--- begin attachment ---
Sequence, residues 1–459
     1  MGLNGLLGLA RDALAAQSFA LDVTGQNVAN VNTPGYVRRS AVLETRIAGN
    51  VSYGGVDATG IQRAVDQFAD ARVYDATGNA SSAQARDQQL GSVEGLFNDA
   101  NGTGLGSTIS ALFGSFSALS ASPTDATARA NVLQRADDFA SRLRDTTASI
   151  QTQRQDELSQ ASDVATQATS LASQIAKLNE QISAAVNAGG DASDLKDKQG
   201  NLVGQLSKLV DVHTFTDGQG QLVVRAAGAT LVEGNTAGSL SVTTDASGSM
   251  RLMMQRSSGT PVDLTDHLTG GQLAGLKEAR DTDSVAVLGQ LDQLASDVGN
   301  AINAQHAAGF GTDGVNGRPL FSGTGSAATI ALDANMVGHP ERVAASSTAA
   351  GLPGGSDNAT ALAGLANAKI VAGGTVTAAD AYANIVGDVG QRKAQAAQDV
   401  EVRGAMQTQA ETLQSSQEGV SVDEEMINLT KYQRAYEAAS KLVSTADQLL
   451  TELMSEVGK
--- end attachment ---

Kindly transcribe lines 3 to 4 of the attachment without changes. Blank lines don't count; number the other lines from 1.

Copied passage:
    51  VSYGGVDATG IQRAVDQFAD ARVYDATGNA SSAQARDQQL GSVEGLFNDA
   101  NGTGLGSTIS ALFGSFSALS ASPTDATARA NVLQRADDFA SRLRDTTASI